|— Made-up quote attributed to Hypatia in Elbert Hubbard's 1908 fictional biography of her, along with several other similarly spurious quotations|
Widespread falsehoods and misconceptions about Hypatia continued to proliferate throughout the late twentieth century. Even though Hubbard's fictional biography in Little Journeys to the Homes of Great Teachers was probably only intended for children, the scholar Lynn M. Osen relied on it as her main source in her influential 1974 biographical article about Hypatia in her book Women in Mathematics, published by the MIT Press in 1974. Likewise, Fordham University used Hubbard's biography as the main source of information about Hypatia in their medieval history course. The thirteenth and final episode of Carl Sagan's 1980 PBS series Cosmos: A Personal Voyage relates a heavily fictionalized retelling of Hypatia's death, which results in the "Great Library of Alexandria" being burned by militant Christians. In actuality, though Christians led by Theophilus did indeed destroy the Serapeum in 391 AD, the Library of Alexandria had already ceased to exist in any recognizable form centuries prior to Hypatia's birth. As a female intellectual, Hypatia became a role model for modern intelligent women and two feminist journals were named after her: the Greek journal Hypatia: Feminist Studies was launched in Athens in 1984, and Hypatia: A Journal of Feminist Philosophy was launched in the United States in 1986. In the United Kingdom, the Hypatia Trust has compiled a library and archive of feminine literary, artistic and scientific work since 1996. An extension of the trust has established the Hypatia-in-the-Woods retreat in Washington State, where artistic, business and academic women can spend time to work on projects.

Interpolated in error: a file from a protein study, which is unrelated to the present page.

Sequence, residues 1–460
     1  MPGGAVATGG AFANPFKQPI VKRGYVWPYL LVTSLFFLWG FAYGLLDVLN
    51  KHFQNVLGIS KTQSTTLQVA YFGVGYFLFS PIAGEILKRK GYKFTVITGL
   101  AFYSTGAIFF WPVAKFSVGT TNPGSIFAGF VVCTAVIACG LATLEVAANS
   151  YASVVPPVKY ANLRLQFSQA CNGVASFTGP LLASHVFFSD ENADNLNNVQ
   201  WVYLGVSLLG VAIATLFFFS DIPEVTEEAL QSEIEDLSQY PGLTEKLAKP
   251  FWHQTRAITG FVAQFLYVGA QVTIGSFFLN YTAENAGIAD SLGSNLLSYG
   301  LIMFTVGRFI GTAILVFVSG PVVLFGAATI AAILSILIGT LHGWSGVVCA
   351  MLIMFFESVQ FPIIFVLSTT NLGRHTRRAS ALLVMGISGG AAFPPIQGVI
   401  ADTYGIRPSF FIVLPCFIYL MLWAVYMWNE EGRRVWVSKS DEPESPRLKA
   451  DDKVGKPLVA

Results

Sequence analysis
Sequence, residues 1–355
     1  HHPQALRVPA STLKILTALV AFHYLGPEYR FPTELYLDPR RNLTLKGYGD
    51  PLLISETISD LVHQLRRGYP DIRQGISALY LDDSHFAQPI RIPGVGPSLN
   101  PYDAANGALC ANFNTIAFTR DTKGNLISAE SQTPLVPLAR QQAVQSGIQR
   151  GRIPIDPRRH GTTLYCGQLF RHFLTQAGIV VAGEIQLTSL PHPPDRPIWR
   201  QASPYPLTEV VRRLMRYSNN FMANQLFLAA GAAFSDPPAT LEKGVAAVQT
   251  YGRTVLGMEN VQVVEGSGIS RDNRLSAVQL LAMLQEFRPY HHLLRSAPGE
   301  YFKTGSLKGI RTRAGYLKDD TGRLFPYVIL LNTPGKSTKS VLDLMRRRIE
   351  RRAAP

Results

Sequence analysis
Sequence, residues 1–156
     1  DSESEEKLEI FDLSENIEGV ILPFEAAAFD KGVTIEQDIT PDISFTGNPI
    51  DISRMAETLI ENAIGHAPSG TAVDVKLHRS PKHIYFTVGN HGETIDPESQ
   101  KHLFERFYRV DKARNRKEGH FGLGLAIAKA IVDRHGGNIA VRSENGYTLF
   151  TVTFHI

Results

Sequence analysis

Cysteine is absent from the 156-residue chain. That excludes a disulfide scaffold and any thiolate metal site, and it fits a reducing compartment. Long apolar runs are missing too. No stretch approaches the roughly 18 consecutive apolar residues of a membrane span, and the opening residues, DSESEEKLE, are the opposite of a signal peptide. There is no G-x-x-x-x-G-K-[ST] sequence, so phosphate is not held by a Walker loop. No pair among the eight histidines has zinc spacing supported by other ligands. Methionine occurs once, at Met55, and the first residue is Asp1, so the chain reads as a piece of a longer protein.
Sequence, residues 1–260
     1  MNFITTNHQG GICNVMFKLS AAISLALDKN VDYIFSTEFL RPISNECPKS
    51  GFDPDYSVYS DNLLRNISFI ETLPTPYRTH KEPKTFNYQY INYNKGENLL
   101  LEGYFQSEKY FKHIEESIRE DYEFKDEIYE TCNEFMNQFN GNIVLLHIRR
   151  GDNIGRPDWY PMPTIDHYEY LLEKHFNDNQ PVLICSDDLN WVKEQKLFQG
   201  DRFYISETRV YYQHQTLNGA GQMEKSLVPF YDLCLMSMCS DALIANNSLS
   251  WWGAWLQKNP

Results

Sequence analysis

Judy Chicago's large-scale art piece The Dinner Party awards Hypatia a table setting. Hypatia's place setting is decorated with Coptic designs and the head of a Hellenistic goddess forms the "H" in her name. Along the runner of the table, more Hellenistic goddesses are shown weeping in horror over Hypatia's death. Chicago, in her description of Hypatia's spot at the table, states that the social unrest leading to Hypatia's murder was the direct result of Roman patriarchy and the mistreatment of women and that the unrest, which is still ongoing, can only be brought to an end through the restoration of the original, primeval matriarchy. She further blames Cyril for having instigated the murder and concludes that all of Hypatia's writings were burned in the Library of Alexandria when it was deliberately destroyed, apparently under the assumption that this was done many years later. Major works of twentieth century literature contain references to Hypatia, including Marcel Proust's stories "Madame Swann At Home" and "Within a Budding Grove" from In Search of Lost Time, and Iain Pears's The Dream of Scipio.